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Paula Jeanine Bennett: In Whom The Heart Is Free To Roam



Conventional science maintains that the Human Body comprises 60% water with 73% of the brain and heart alone being water. Certainly not the artist, however, of whom that 60% – certainly that 73% of brain and heart – must certainly be spirit? How else could one even begin to explain Paula Jeanine Bennett? Surely what she has done with her artistic gifts cannot have come from anything else? Whether it is the unlikely physiology of the artist that enables him or her to live in the fifth dimension as well may be conjecture at this point, but being made of quintessence might suggest how they are able to perceive that which cannot be perceived by the human eye. Like Paula Jeanine Bennett.


Paula Jeanine Bennett and her husband, the iconic New York City composer and pianist Richard Bennett outside their New York City apartment.

In case you’re wondering who Paula Jeanine Bennett is, you’re not likely to find everything you need to know. Websites – including those of The Ailey School and The Julliard School – offer details relating to their particular sphere of activity and even I wonder how much more I could fit into this piece despite doing considerably more research including an interview with her not long ago during most of which I have to say I was, quite honestly, speechless. How do you explain the incredible contributions that Ms. Bennett has made to music and dance? How do you explain that her genius has been experienced not only in the United States, but in India, Indonesia, Egypt and Morocco as well? I will hazard a guess.

Artistic genius is something that cannot really be explained. Indeed this is its defining characteristic. Those who live with it are unable to reveal its secrets. Absorbed by its contradictions, ill at ease with the real world, alarmed by their uniqueness blinded by a truth that common mortals can only dimly perceive and swept along by a force that is beyond them, geniuses play like children. Baudelaire made no mistake when he wrote that “genius is no more than childhood captured at will”.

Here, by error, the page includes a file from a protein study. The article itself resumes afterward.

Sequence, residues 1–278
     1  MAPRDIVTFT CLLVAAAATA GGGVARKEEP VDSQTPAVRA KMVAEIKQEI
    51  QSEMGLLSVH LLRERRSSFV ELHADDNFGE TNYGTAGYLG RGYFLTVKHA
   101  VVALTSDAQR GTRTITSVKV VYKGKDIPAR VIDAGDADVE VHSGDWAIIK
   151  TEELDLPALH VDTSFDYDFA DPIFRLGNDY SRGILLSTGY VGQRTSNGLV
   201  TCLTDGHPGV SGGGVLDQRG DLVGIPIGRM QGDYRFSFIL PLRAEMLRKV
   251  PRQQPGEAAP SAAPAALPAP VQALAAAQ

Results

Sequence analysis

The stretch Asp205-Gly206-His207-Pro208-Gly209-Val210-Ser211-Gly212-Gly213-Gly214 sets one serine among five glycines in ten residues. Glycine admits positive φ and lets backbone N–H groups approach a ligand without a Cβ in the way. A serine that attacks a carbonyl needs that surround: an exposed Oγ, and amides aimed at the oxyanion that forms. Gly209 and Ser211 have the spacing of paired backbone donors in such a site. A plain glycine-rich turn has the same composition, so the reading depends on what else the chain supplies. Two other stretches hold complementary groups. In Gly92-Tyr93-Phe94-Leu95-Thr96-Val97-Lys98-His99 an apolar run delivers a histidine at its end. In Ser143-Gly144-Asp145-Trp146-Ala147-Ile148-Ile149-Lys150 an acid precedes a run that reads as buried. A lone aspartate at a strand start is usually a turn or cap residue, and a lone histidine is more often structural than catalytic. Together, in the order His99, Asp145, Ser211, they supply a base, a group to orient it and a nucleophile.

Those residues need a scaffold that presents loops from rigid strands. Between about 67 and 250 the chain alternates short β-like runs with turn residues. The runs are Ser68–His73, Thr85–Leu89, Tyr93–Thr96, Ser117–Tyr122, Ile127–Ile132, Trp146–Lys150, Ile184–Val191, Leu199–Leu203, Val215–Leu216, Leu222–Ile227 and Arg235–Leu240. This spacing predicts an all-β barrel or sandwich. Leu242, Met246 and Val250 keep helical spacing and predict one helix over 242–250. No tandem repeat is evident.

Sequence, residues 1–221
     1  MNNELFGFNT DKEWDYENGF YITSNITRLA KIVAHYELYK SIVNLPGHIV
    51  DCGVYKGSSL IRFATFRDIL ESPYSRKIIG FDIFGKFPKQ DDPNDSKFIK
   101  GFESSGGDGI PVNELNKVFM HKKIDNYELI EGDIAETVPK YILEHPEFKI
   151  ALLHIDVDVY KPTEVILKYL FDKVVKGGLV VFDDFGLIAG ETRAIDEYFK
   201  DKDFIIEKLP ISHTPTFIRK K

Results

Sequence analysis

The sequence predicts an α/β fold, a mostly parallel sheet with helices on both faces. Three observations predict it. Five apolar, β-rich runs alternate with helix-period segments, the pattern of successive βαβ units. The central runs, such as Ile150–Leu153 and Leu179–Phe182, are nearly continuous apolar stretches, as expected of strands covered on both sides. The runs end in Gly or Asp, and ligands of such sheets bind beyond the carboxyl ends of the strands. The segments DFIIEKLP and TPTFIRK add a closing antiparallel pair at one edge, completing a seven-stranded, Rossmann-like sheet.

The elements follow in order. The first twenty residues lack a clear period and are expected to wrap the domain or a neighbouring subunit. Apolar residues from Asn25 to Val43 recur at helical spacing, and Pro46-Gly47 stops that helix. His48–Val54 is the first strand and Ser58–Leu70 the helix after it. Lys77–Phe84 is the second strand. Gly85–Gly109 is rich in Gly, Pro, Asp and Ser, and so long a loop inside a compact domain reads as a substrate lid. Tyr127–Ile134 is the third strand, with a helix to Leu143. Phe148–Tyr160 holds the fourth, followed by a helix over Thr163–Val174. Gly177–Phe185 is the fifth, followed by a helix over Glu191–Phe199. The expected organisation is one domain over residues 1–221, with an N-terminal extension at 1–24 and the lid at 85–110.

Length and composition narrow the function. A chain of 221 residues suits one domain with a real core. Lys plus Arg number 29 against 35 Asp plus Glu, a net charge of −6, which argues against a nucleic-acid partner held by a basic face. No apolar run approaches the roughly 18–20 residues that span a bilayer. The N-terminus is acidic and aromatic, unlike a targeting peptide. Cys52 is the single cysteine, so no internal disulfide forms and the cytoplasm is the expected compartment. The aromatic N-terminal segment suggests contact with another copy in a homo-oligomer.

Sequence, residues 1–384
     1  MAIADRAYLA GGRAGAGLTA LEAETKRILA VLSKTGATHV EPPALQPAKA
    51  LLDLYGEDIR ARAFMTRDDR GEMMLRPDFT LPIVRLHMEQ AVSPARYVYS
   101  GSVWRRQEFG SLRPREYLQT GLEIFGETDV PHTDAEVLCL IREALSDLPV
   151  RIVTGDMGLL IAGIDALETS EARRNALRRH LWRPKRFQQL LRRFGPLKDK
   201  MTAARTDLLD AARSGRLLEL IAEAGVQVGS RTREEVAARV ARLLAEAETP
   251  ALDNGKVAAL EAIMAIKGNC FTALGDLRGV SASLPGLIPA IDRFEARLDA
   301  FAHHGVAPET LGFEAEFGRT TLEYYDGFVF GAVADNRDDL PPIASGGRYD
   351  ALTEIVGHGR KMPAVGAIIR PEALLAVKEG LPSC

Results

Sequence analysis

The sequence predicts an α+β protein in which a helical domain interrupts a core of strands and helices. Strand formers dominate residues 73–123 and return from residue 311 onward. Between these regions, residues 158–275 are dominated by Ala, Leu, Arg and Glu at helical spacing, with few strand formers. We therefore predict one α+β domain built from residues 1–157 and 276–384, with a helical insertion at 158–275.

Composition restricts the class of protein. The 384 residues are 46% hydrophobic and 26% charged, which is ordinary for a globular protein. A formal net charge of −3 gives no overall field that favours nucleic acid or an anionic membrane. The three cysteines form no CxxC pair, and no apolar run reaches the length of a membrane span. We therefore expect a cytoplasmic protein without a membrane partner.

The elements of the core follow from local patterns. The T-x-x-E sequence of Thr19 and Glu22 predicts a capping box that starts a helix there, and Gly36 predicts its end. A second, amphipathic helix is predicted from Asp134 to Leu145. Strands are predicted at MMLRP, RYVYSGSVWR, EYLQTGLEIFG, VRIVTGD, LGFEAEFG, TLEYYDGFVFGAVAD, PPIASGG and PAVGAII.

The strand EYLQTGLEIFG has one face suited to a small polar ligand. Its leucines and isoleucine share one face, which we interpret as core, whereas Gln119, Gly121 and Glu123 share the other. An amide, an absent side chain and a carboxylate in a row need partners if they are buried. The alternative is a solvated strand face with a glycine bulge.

Heart and soul, lost in the music

New York City has a peculiar way of hiding creatures such as Paula Jeanine Bennett. Either that or you will find them hiding in plain sight like that rare breed of performers of genius who have a natural rapport with what they do. In Ms. Bennett’s case that would be the percussion instruments that she often builds and – in the case of those made from ceramic – those that she bakes as well. When she plays them, accompanying herself by singing the music she has composed, they are no longer percussion instruments: they are a violin, a harp, a clarinet, or the whole crashing orchestra together. For it is music in spirit and flesh. When she plunges her hands into the playing surfaces of her drums, she is in her natural element. Away from it she might be like a fish out of water, but once in the music, life is quite a different story.

Life for Paula Jeanine Bennett is lived in the shadow of the Statue of Liberty, which ever since it became part of Ellis Island and vice versa, it came to be a symbol of unfettered freedom. Although she might never need to ‘go there’ for inspiration, for I am convinced that Ms. Bennett ‘sees’ things much further afar as if they were as close as her very heart is. This might explain how she first conceived of her breathtaking opera A Village of One. Ms. Bennett says that it arose out of living in amid the bustle of loneliness in New York. It began life as a cycle of songs ‘adaptable to any locale’, but shortly after it was performed in a village in Java, Indonesia in 2012, it became a full-fledged opera. Although Ms. Bennett had performed many times in various locations in the US and even travelled to Egypt and to India, where she has been recognised as a cultural ambassador from the United States, A Village of One was her first major work.

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Based in Milton, Ontario, Canada, Raul is a poet, musician and an accomplished critic whose profound analysis is reinforced by his deep understanding of music, technically as well as historically.

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